Nevertheless, asking God for more in this season is starting to bear fruit. He has shown me that the way for me to really remove that duality in my life is for me to be a modern-day disciple, to go forth and evangelise even in the smallest and most inconspicuous ways. Sometimes, it can come in the form of unassuming comments such as “Oh, I’m Catholic so that’s why I pray”, or “Weekends I usually have cell group and Genesis sessions, a working adults community in OYP”. Through these tiny breadcrumbs of inviting God more actively in our conversations in the workplace, I start to gain courage to choose God even when it is inconvenient – to be more understanding, patient, grateful even in stressful and difficult situations at work. In doing so, I start to see my colleagues and bosses react with the same understanding, patience and gratefulness towards me and others. Evangelisation does not have to be something that we fear. It can start by actively glorifying God through these breadcrumbs conversations, and watch how God changes you and others when you invite Him more into your workplace.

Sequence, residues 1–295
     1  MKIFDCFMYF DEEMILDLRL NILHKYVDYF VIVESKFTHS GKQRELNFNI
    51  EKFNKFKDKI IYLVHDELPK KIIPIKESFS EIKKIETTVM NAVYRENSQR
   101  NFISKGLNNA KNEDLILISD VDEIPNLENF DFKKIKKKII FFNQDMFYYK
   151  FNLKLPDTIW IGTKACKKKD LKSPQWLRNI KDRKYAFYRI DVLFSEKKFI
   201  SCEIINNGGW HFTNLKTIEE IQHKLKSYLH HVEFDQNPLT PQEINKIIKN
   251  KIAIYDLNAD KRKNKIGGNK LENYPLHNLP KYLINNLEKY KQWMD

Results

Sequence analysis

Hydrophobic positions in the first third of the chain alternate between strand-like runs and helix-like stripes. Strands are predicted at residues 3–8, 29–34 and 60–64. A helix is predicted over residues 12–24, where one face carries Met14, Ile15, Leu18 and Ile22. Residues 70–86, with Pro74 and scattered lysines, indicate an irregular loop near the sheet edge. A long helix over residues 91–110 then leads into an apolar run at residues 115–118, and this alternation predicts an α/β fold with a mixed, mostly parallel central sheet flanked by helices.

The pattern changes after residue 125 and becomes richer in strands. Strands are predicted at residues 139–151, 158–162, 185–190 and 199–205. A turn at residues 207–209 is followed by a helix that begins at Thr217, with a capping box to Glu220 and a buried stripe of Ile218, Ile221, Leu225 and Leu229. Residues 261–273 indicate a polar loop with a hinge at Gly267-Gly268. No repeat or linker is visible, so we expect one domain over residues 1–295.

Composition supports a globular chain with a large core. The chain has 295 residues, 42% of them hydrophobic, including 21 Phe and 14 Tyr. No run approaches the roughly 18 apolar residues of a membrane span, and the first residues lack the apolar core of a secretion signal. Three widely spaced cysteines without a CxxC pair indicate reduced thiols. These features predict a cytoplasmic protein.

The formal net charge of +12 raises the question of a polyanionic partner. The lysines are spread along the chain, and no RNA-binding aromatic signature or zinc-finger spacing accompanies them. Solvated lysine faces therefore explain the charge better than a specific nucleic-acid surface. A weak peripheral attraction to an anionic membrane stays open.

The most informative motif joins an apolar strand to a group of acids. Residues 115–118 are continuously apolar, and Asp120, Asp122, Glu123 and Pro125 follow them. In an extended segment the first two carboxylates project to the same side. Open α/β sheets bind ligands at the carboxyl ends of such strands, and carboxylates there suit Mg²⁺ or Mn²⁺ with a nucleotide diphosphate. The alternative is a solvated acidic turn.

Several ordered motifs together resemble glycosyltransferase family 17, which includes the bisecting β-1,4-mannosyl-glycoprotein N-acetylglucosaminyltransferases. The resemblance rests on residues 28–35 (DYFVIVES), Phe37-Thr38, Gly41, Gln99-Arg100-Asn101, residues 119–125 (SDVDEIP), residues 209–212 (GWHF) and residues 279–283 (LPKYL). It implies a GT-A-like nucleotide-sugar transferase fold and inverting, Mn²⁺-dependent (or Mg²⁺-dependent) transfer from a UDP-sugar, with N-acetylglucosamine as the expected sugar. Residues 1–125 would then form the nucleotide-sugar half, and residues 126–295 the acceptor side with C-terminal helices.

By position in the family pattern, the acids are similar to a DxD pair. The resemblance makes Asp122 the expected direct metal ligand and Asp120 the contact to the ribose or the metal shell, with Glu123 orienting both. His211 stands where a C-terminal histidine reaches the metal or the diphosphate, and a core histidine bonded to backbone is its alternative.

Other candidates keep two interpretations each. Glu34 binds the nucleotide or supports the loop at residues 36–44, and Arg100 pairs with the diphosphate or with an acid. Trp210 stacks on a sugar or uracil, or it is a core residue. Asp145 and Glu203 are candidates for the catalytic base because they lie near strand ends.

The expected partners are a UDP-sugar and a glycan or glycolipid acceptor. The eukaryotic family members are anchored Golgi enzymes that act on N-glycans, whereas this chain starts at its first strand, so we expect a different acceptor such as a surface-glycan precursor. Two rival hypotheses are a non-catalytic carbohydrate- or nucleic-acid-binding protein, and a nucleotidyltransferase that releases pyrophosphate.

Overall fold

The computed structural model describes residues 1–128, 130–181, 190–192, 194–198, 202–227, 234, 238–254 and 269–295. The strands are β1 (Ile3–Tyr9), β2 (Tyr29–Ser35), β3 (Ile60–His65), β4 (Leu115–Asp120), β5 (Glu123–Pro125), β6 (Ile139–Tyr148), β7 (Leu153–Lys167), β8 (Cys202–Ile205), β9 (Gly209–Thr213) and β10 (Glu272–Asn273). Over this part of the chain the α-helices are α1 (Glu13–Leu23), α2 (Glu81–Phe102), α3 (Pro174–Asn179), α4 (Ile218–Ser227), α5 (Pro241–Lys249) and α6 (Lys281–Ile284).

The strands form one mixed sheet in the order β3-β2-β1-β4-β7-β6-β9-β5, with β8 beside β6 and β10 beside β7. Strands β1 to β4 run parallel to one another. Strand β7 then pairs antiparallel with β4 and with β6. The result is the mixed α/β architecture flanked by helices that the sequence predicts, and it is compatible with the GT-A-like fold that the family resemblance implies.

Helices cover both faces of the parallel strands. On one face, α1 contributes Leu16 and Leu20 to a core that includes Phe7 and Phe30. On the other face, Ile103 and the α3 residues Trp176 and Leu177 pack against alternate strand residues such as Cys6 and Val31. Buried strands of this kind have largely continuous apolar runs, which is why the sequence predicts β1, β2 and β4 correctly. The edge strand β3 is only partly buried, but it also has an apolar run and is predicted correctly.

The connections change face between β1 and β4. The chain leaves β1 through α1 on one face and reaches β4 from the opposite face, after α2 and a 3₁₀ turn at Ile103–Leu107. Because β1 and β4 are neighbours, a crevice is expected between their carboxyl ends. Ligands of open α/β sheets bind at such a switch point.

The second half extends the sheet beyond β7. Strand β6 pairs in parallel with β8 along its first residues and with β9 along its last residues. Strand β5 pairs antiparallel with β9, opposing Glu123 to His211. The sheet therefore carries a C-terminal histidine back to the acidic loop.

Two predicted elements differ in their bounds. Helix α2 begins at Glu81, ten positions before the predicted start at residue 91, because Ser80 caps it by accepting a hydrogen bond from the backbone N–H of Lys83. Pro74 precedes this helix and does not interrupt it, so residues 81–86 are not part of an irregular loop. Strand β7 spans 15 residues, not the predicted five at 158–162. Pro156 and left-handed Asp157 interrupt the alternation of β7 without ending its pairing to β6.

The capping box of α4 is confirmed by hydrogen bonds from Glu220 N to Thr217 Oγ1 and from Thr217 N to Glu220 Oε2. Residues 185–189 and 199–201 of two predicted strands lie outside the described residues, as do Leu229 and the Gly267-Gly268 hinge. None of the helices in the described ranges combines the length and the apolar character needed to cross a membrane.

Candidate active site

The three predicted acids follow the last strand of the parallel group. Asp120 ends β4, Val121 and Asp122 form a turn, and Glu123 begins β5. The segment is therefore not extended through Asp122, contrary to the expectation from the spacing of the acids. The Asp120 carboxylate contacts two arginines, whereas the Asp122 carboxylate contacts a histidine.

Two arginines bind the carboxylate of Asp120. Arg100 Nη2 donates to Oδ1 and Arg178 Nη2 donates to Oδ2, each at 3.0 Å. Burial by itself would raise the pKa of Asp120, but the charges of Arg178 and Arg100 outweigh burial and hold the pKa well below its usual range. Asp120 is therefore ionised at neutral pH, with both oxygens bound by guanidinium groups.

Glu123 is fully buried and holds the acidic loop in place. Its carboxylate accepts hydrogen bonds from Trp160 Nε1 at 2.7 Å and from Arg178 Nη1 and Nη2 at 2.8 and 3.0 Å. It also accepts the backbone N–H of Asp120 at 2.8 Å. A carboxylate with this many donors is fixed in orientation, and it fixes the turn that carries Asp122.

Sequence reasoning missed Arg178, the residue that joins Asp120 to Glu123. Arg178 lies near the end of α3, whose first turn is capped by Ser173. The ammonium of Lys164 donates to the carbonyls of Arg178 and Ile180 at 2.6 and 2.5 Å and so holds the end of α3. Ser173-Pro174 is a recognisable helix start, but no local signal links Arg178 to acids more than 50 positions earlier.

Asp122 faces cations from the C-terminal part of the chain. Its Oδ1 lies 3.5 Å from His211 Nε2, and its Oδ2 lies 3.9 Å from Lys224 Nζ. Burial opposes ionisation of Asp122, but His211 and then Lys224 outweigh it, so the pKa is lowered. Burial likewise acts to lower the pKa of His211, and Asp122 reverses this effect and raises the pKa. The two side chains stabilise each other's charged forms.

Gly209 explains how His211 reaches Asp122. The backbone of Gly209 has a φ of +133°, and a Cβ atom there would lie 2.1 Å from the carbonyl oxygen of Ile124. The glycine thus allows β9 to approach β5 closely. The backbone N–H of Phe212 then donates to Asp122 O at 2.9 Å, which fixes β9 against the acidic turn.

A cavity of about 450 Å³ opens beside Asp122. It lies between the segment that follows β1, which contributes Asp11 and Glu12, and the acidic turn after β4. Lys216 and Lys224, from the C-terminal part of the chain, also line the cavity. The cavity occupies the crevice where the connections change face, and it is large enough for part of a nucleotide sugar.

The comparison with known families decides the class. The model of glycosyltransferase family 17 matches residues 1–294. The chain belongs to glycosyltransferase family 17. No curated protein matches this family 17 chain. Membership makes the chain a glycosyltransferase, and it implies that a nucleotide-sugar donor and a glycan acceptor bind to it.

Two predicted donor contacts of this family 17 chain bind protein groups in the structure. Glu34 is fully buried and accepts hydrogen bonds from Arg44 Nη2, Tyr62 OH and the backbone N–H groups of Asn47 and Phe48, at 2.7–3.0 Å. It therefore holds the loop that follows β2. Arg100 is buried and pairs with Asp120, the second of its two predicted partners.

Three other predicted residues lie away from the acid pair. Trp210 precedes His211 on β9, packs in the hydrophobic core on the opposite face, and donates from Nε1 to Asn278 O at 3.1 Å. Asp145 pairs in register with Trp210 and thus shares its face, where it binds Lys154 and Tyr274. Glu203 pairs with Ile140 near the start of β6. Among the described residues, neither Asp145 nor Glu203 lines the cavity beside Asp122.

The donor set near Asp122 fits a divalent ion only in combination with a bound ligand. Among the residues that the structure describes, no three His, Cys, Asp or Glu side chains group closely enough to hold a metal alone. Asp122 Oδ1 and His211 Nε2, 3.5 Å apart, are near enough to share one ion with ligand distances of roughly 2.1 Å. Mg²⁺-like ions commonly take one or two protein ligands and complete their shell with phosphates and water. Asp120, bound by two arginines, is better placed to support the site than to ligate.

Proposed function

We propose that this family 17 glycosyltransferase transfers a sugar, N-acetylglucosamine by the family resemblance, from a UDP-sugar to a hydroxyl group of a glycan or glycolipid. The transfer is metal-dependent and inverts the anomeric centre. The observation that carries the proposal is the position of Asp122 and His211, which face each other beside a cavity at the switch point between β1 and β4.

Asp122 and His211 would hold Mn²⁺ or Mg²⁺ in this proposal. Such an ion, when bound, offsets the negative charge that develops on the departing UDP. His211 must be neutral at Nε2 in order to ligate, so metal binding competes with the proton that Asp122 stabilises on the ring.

My brothers and sisters in Christ, are you being a “convenient Catholic”? Do you consciously choose to water down your faith at the workplace? How often do you catch yourself behaving undesirably, letting the stress, frustration and self-doubt consume you? What are the ways that you foresee yourself evangelising to your colleagues this week?

Hi, my name is Marie. All’s g with God & an occasional gelato.